If you don’t learn how to calm anxiety at night, you’ll waste hours of sleep lying awake worrying about your life.
Not only does sleep-related anxiety make it tough to drift off, but you may also find that anxiety leads to sleep disruptions that upset your daily sleep cycles.
If you have experience with insomnia related to anxiety, you’ll know the struggle of heading to bed for sleep, only to spend the night tossing and turning.
Luckily, there are plenty of treatment options that don’t require drug-heavy medical treatments to solve the issue.
If you’re looking to learn how to calm anxiety at night, try one of these expert sleep tips for calming the body and mind.
What Causes Nighttime Anxiety?
Ever laid for hours staring at the ceiling, gripped with worry in your belly? Anxiety at night can have a damaging effect on your sleep patterns.
Unfortunately, it’s quite common. In fact, 40% of Brits say they struggle with anxiety-related sleep issues.
What’s worse is that anxiety has a two-way relationship with sleep. For people with anxiety, poor sleep triggers anxiety, and heightened anxiety triggers sleep loss.
On top of that, nighttime panic can cause a nocturnal panic attack. In fact, those with anxiety disorders may be prone to panic attacks at night that leave them drained in the morning. A panic attack at night can lead to night terrors, deep breathing, and shortness of breath, all symptoms that make it tough to get back to sleep.
As Dr. Meg Arroll explains:
“Night-time panic attacks usually occur within non-REM sleep phases, from 2-3 hours after going to sleep, last for 2-8 minutes and most often only happen once per night. However, it can prove very difficult for people to get back to sleep after a panic attack and these events often stick vividly in the mind.”
The causes of nighttime anxiety are broad — you’ll find that the same issues that cause anxiety in the daytime will also affect you at night. The problem is that these anxieties seem to be worse in the evening.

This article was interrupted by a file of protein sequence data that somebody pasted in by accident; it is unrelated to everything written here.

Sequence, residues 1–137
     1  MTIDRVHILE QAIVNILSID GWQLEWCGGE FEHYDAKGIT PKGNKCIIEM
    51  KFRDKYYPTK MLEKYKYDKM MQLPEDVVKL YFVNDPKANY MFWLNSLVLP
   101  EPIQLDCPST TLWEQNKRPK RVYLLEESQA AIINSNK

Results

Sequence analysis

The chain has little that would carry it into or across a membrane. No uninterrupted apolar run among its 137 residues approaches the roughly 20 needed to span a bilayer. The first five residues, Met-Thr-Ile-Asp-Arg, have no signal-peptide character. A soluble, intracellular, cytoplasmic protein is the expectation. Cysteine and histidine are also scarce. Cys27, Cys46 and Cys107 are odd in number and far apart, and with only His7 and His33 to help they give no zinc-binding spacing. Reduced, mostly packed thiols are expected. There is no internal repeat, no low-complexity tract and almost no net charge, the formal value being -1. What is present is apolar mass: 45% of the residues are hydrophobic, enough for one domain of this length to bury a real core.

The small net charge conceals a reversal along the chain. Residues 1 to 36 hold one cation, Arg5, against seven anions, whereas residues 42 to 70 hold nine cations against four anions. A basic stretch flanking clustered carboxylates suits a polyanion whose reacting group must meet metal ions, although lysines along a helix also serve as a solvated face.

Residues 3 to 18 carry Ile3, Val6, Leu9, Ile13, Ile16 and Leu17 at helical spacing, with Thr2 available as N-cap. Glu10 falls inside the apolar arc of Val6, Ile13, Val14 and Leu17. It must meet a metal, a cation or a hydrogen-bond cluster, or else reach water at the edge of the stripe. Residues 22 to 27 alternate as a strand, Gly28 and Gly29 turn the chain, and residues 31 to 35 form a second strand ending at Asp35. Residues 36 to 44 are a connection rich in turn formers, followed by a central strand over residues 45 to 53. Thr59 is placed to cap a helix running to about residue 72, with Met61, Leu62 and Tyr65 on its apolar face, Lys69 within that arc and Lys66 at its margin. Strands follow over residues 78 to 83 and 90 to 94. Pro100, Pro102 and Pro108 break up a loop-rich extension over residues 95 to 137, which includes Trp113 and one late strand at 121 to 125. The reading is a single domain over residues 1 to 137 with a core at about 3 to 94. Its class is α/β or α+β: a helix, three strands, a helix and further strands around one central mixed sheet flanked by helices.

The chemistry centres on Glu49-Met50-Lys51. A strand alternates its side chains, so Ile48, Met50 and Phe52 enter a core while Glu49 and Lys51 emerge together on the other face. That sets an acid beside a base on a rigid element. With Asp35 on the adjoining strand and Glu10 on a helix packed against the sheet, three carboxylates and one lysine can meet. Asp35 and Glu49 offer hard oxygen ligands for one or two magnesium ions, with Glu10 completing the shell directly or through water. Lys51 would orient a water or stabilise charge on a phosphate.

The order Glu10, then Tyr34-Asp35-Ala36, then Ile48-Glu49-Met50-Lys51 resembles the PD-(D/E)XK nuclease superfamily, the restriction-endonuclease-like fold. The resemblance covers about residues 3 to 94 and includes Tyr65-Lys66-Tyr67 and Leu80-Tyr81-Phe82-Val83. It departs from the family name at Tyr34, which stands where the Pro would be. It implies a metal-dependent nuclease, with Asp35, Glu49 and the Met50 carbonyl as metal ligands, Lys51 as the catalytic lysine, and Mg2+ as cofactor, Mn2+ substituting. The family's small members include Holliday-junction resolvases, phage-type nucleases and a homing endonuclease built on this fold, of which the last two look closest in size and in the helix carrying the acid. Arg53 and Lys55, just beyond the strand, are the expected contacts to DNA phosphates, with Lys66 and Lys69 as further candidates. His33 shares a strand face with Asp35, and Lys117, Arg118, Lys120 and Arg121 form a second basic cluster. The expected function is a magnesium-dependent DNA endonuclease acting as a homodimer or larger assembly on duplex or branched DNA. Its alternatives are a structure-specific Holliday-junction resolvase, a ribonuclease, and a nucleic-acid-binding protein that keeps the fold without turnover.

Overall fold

This is because you’re distracted during the day but when it comes to calming down at night, you struggle to move into a more relaxed state.
As a mental health counselor, Nicky Treadway, explains:
“[During the day] they’re feeling the symptoms of anxiety, but they have better places to land them, moving from point A to B to C throughout the day.[…]At night, things are frequently quieter. There is less stimulation for distraction and more opportunity for worry.”
If you feel that your anxieties multiply at night, preventing you from sleeping, try some of these actionable tips to help you relax and drift off more calmly.
Want to Know How to Calm Anxiety at Night? Try These Strategies
Constant sleep anxiety can make for a bad night full of sleep disturbances.
If you’re tired of sleepless nights, tossing and turning with a worried mind, here are some expert sleep tips to help you quell anxiety for a more peaceful night.
#1 – Try a breathing exercise
If you have a difficult relationship between sleep and anxiety, try a controlled breathing exercise.
Not only is deep breathing a great anxiety treatment to calm your racing thoughts, but deep breaths also help to relax the physical body.
One of the most common symptoms of anxiety is shortness of breath and a tight chest. Deep breathing can help release muscle tension in the chest while calming the mind.
Try the 4 7 8 breathing exercise.
Breathe in for four seconds, hold for seven seconds, and then exhale for eight seconds. Repeat until you feel calm and your body feels tired. Some people say that 4 7 8 breathing sends them to sleep in under a minute!
If you’re really struggling to relax your mind and body, try teaming your controlled breathing exercise with some yoga stretches.
#2 – Try CBD for insomnia
CBD is short for cannabidiol, a chemical compound of the Cannabis Sativa plant.
CBD oils, gummies, and tinctures are used to treat a wide variety of health conditions. Most particularly, CBD oils and gummies are extremely effective at reducing stress, anxiety, and sleep disorders.
Try the CBD Starter Kit by Tranquil Earth.
#3 – Use proven relaxation techniques
If anxiety-related sleep disorders are causing restless nights, try relaxation exercises.
Build a sleep routine that incorporates regular exercise to relax the body and mind by releasing tense muscles. You’ll find that relaxation exercises work as a natural sleep aid that calms your heart rate to help you fall asleep more easily.